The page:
“Wooden stake through the heart?” “Yeah, but who wouldn’t that kill?”
In my review of ParaNorman, I pointed out how the top notch work from Pixar, Studio Ghibli, Dreamworks (in the last four years) & Laika studios has us in a bit of an animation renaissance. Sadly, Sony Pictures Animation has just two homegrown feature films under its belt, and hasn’t done much to contribute to this overall golden age. Their first effort was 2009’s Cloudy with a Chance of Meatballs, which was charming enough, but not terribly substantive. Sadly, that film looks like a masterpiece next to their most recent effort, Hotel Transylvania.
Hotel Transylvania tells the tale of Dracula (Adam Sandler) as an overprotective dad to his daughter Mavis (Selena Gomez). After the tragic death of his wife, Dracula promises to keep Mavis from the outside world which would shun and harm her, so he builds a retreat for monsters deep in a Transylvanian forest. It is the only place on Earth where monsters can let their hair down and be who they are without fear of intervention from the outside world. And all the heavy hitters, from Frankenstein (Kevin James) to The Wolfman (Steve Buscemi), have gathered at the hotel for Mavis’ 118th birthday.
The unthinkable happens, however, when an unsuspecting human named Jonny (Andy Samberg) finds the castle on a hiking trip. Dracula first tries to get rid of the human, then tries to disguise him as a fellow monster, but all hell really breaks loose when Jonny & Mavis fall for one another. Will Dracula ever let down his guard enough to trust a human? Will the divide between the monster world and the human world be too much for their love to survive? Can you keep from rolling your eyes at the non-stop cheap and easy humor that portends to substitute itself for actual entertainment?
Despite its advertising campaign, I actually held out some hope that this film might actually be a worthwhile diversion, considering it was the feature directing debut of Samurai Jack and Dexter’s Laboratory creator Genndy Tartakovsky. What I only found out after seeing the film is that Tartakovsky is the sixth director that this film went through in its development, meaning that it was in pretty dire straits before he came on board. The script also has no fewer than six credited writers, so it appears as if this was a film made by committee rather than actual filmmakers.
Sandler and his stable of Happy Madison cohorts (James, Buscemi, David Spade, Jon Lovitz) voice virtually every character, so if you’re not a fan of their brand of sophomoric humor, chances are this film will do little to win you over to their cause. Just when you thought Sandler couldn’t get any lazier, he stumbles into the domain of lazy acting: voice-over work. It’s a shame too, because he was someone that I admired for a long time, but it’s been over a decade since he’s produced a comedy worth laughing at. Oh, and just in case you’re wondering, it took all of eight minutes to get to the first fart joke. Eight minutes. Must be a new record.
I think the overall problem with the film is that it just didn’t bring anything new to the table. The “monsters are really afraid of humans” angle has been covered several times before, most notably in Monsters, Inc. Good rule of thumb for animated films, if Pixar’s done it already, it’s not worth trying to do it again. Oh, but it’s also the story of an overprotective father learning how to let go and let his child figure out the world on their own terms. Hmmmm… Which Pixar movie was it that covered that territory already? And Sandler’s not content to just rip off other people’s films. Wait until you get to the climactic scene, set on board an airplane, that’s almost a little too in debt to The Wedding Singer.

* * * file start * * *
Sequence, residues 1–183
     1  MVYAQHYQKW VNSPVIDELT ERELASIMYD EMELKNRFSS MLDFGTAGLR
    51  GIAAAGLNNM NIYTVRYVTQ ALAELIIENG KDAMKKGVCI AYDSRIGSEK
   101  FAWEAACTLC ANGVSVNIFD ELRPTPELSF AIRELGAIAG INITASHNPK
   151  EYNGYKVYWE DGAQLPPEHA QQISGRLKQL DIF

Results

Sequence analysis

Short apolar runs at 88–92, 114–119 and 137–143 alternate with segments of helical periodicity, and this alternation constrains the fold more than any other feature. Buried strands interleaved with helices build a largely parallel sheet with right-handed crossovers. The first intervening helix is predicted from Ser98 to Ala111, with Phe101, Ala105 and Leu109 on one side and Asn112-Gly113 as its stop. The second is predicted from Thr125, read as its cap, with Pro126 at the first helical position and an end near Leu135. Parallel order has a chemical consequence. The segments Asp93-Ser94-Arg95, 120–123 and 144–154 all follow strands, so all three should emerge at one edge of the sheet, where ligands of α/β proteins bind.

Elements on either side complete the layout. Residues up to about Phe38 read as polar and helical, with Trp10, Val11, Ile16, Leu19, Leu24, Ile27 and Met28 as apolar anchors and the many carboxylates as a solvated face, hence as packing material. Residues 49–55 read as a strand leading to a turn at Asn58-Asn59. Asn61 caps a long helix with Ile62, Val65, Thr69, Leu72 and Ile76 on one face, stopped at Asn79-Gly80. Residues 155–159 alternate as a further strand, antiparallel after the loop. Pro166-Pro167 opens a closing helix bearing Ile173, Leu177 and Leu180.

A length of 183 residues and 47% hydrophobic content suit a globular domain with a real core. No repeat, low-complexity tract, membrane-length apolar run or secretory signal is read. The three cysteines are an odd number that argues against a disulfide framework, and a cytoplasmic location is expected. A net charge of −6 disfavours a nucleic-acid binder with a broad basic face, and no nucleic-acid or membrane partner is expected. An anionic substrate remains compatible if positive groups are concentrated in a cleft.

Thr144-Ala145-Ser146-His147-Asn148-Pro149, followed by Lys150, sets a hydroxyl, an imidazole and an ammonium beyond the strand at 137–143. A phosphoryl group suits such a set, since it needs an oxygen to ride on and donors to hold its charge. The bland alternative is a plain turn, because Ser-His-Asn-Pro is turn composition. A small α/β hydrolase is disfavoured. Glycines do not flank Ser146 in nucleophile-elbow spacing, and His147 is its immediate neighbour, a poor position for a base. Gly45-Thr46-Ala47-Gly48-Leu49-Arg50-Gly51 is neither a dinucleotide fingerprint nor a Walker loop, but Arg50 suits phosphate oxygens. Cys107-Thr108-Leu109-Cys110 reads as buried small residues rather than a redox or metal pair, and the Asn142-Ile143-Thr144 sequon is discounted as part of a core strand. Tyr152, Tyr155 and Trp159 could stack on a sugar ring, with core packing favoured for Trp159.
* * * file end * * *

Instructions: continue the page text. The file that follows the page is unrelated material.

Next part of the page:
I guess the real reason I dislike this film so much is how inherently lazy everything about it truly was. There were probably some original ground to cover here, but everyone seemed to have avoided it like the plague, sticking to ground paved by everyone before them. There are lots of family films in the marketplace in this day and age, it’s worth having something new and/or original to say if you’re hoping that parents are going to shell out their hard earned money to drag the whole family to the theater, and if this is as new and original as it’s going to get, I’d rather stay home.
Look, I’m being awfully harsh on the film, but I spent my money on it, so I get to have my say. Characters mugging to the camera and jokes about bodily functions have their place in films. Hell, even The Master had a fart joke in it. But when that’s all you’ve got, it’s not enough. Period. End of sentence. There’s got to be more to it than that, and this film brought nothing imaginative to the equation beyond what must have been a series of “insert joke that will make an eight-year-old laugh here.”
It’s a well-animated film that’s nice to look at, and thank goodness, otherwise I would’ve left (although my daughters would have been upset). It’s just not enough to continuously stop the flow of the action to insert a horrendously auto-tuned musical number because you’ve run out of ideas and/or plot. There’s got to be a reason to get the people into the theater, and I know that 90% of it is just getting them in there in the first place. However, I will approach anything and everything from this studio and these filmmakers with kid gloves from here on out, because they did everything in their power to earn that. To paraphrase Dean Wormer from Animal House, “cheap, lazy and stupid is no way to go through life, son.”
GO Rating: 0.5/5
[Photos via BoxOfficeMojo]